List A cricket
List A cricket is a classification of the limited-overs (one-day) form of the sport of cricket. List A cricket includes One Day International matches and various domestic competitions in which the number of overs in an innings per team ranges from forty to sixty. Together with first-class and Twenty20 cricket, List A is one of the three major forms of cricket recognised by the International Cricket Council (ICC).
Most Test cricketing nations have some form of domestic List A competition. The scheduled number of overs in List A cricket ranges from forty to sixty overs per side.
The categorization of cricket matches as "List A" was not officially endorsed by the International Cricket Council until 2006, when the ICC announced that it and its member associations would be determining this classification in a manner similar to that done for first-class matches. The Association of Cricket Statisticians and Historians created this category for the purpose of providing an equivalent to first-class cricket, to allow the generation of career records and statistics for comparable one-day matches. Only the more important one-day competitions in each country, plus matches against a touring Test team, are included. The list was the work of Philip Bailey and the name is derived simply from there being a list A and a list B.
Matches that qualify as List A
- One-day Internationals (ODIs)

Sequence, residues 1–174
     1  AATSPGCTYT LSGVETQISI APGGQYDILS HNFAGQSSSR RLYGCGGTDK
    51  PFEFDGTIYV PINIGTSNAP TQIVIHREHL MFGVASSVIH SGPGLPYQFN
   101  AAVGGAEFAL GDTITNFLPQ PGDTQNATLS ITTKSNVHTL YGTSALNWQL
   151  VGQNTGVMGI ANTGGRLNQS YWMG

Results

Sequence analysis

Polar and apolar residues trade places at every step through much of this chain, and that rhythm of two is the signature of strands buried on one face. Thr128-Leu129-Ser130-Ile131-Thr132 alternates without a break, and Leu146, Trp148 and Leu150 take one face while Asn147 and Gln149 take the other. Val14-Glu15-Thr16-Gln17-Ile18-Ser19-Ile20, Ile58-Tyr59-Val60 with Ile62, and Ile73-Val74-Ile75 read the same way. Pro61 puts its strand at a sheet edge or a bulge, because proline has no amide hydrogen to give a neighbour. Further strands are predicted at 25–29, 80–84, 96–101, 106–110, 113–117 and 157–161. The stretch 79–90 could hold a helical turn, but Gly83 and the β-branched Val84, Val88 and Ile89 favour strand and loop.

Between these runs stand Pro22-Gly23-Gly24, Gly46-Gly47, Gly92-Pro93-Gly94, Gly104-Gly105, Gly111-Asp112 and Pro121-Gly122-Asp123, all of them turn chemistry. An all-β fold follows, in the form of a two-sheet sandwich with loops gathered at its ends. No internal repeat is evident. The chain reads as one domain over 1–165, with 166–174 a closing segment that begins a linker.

- Other international matches
- Premier one-day tournaments in each country
- Official matches of a touring Test team against main first-class teams
- Matches played in ICC World Cricket League Division 2 and above
Matches that do not qualify as List A
- Twenty20 cricket including internationals
- World Cup warm-up matches
- Other Tourist matches (for example, against first-class teams that are not part of the main domestic first-class competition, such as universities)
- Festival and friendly matches
First List A match
The first List A cricket match was played between Lancashire and Leicestershire in May 1963, in the preliminary round of the Gillette Cup. Each side batted for 65 overs, and bowlers were restricted to 15 overs each.
- "ICC clarifies what counts and what doesn't". Cricinfo. 30 July 2006. Retrieved 20 May 2009.
- CricketArchive treats List A and Twenty20 separately. When searching on a player, they are separate categories, while a search for List A matches excludes Twenty20.
- Lancashire v Leicestershire 1963
- Opening Pandora's one-day box
- ICC clarifies what counts and what doesn't, from Cricinfo, 30 July 2006
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